The day was warm for January,
since the weather gods had smiled
as we spoke our outrage
and the gray-uniformed cops
guarded the doors from the anger of hundreds
protesting state-sanctioned death
from the modern plague,

but in New Jersey,
it was business as usual:
two blocks away,
the governor proposed tax rebates for homeowners
to raving Republicans and Democrats
with welfare and drug treatment budgets as collateral
while Aetna was buying up health-care-for-profit,
ECCS laid off workers,
and the madness and fears of holding a job
grew more frenetic

and cops hunted junkies and the exchangers of needles
while viruses thrived like the owners of corporations
and politicians grinned before cameras
in this State denying needles,
bullish on death.
have the

For now.

In SR Friedman, Needles, drugs, and defiance: Poems to organize by, North American Syringe Exchange Network: 1999.

Outside ... In

Sam Friedman

Sitting in the lightless cavern that was my office
in the hate-ridden spring of 1987,
when "Just say No" was the mantra from above
and the message for users was "Enter treatment or die,"
with death clearly the hoped-for choice.

My employers were more humane,
they really wanted folks to enter treatment,
piss into cups every few days to prove their troth,
slurp their methadone under watchful eyes
or go through headfixing at a TC uptown, downtown, uptime, downtime.
So sorry if you get HIV, but treatment is our business,
not condoms, not bleach, and certainly not
the exchange of needles.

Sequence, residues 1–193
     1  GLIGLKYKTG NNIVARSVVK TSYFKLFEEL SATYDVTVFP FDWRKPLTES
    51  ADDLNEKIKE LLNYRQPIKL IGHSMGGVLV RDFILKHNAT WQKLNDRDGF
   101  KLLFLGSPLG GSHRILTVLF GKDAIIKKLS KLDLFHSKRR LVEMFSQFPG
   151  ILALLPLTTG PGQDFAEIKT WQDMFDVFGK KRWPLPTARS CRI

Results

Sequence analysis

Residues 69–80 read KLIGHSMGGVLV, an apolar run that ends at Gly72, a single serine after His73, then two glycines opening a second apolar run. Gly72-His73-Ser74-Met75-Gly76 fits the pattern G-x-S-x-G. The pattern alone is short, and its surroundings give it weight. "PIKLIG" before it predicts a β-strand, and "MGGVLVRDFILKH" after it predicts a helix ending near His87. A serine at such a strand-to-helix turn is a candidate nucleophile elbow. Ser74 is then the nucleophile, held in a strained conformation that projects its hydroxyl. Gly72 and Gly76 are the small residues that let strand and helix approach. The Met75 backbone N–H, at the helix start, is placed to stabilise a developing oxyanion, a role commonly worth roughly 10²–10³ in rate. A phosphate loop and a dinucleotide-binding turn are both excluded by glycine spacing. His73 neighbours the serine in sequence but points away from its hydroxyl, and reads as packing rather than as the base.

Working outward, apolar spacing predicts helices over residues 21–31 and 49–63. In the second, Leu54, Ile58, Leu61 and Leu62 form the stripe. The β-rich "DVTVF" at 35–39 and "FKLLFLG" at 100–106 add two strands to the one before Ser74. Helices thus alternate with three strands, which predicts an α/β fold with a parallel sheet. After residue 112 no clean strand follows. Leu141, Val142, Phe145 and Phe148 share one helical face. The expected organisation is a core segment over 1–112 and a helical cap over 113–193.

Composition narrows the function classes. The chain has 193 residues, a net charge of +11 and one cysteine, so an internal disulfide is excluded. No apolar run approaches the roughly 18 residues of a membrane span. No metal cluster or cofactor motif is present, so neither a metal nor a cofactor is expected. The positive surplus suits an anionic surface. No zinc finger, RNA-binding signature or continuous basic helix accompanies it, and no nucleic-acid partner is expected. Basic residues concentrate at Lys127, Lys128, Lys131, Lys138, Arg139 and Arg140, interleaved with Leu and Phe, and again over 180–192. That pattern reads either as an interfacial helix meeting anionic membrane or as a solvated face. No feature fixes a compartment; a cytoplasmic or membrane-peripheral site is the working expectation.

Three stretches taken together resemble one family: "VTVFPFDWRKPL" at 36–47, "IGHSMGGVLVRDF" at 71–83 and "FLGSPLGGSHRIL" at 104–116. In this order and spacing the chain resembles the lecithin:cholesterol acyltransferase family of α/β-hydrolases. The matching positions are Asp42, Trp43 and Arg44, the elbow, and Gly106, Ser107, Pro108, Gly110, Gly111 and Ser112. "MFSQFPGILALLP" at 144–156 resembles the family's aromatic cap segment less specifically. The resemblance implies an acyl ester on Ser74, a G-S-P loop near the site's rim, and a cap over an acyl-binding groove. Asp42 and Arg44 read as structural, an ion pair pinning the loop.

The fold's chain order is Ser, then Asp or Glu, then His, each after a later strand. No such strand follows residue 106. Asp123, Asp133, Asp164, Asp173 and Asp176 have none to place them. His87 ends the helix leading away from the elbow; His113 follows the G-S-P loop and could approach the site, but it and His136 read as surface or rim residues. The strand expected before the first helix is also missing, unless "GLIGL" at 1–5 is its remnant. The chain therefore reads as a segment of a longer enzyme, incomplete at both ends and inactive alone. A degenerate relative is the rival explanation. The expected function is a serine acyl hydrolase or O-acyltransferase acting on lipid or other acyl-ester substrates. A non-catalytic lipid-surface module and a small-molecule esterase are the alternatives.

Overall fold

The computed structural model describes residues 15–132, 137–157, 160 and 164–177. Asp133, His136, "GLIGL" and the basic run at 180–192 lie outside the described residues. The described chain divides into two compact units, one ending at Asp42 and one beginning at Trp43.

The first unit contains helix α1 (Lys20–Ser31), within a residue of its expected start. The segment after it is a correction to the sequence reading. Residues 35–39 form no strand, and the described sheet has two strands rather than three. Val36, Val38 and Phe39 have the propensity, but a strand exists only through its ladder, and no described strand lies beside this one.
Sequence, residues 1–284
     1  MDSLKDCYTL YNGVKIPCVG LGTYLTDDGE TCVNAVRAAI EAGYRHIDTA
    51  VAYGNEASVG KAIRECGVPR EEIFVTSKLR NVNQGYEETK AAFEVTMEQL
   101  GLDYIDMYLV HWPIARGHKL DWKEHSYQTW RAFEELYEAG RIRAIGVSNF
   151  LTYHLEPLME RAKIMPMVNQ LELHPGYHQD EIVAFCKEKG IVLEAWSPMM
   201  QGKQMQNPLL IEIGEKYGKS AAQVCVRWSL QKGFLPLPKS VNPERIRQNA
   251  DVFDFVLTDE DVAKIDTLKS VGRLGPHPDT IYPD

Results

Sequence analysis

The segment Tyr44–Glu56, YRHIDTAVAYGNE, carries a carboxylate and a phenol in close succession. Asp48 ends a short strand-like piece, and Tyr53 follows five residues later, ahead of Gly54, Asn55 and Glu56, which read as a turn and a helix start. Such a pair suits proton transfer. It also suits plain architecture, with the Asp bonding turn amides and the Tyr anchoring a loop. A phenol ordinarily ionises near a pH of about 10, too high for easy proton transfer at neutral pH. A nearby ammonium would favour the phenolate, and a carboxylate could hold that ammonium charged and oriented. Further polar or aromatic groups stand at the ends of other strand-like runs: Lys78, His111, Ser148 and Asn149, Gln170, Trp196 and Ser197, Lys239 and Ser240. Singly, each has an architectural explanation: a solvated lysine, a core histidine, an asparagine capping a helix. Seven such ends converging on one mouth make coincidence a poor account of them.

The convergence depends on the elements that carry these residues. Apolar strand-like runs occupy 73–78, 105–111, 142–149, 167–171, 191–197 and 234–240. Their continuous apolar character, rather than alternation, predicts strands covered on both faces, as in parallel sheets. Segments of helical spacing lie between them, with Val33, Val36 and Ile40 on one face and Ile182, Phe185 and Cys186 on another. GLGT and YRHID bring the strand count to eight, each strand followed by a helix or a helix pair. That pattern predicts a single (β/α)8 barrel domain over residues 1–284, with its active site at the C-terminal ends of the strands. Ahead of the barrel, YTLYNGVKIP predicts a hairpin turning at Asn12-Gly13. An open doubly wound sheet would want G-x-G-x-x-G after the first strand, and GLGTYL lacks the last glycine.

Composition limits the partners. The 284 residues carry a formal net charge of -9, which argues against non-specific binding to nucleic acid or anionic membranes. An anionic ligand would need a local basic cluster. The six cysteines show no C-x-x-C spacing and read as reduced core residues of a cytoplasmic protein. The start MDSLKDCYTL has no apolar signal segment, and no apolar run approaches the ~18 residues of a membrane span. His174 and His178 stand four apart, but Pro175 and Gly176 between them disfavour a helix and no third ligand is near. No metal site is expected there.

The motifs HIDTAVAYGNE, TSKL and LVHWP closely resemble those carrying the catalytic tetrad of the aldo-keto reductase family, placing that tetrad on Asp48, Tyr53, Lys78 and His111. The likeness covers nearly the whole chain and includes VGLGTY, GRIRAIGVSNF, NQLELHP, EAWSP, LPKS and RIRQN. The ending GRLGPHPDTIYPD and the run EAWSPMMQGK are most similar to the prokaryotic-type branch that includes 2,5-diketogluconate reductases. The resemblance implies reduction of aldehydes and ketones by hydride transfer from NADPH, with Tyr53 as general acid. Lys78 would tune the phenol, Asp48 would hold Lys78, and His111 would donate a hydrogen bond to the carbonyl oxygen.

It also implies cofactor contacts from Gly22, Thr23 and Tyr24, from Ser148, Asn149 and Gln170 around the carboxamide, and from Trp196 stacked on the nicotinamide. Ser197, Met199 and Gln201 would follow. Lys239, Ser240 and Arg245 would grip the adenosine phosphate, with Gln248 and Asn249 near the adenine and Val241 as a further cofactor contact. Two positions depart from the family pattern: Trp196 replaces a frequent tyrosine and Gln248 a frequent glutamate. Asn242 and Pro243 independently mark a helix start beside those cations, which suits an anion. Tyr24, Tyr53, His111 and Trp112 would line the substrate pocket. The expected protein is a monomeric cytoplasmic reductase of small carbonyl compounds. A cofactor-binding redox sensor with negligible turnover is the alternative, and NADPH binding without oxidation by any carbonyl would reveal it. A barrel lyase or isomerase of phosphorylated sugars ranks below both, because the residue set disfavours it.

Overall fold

Sitting in my gloomy office, mulling inertia, hatred, callous systems,
hearing the phone ringing,
picking it up wondering "What is it this time?"
Another Assistant D.A. seeking quotes to distort
for the papers?
Or more work, more requests, more denunciations of the helpless?

I muttered, "Yeah . . . what is it?"
or maybe "Hello,"
heard a gentle voice, quiet steel, in return,
"Hello. This is Kathy Oliver calling,
from Portland, Oregon.
I hear you might know something
about giving drug users needles
to prevent AIDS."

My mind flashed joy like a salmon
leaping under a rainbowed sky,
or like the April sunlight in 1961 when my first Massachusetts winter
broke into icicles dripping sparkling water
that sang its way through the slush that was Cambridge sidewalks,
or like the proverbial Western movie
when the cavalry sweeps over the hill bringing salvation
(even though they really brought death, racist eviction, and even smallpox
in the American rehearsal
of the Negro removal that is modern-day AIDS).

But here was the telephone,
me beaming in my windowless office,
talking to salvation,
talking needles,
talking life.

In SR Friedman, Needles, drugs, and defiance: Poems to organize by, North American Syringe Exchange Network: 1999.

To the users of Thailand--and everywhere else

Sam Friedman

Despised, reviled,
targeted by the guns
of over-empowered cops,
sometimes . . . pitied,
you make do,
fill your veins
with liquid
or, perhaps, to forget past pain,
or to put off feeling
drug sick
Besieged by police, by AIDS,
by greed,
with needles rare
and safety unheard of,
you think,
you love,
you collaborate
and share,
share food when you can,
needles when you must.
you prey upon others,
rob your mom to get your fix,
or sell a stranger sugar
for the money for a shot.
This sets you up for power,
as prey for every het-up, killing cop,
as diversions for anger
better aimed at the top,
at those who profit, and hate, and kill . . .

Who should be the hated?

Who should be despised?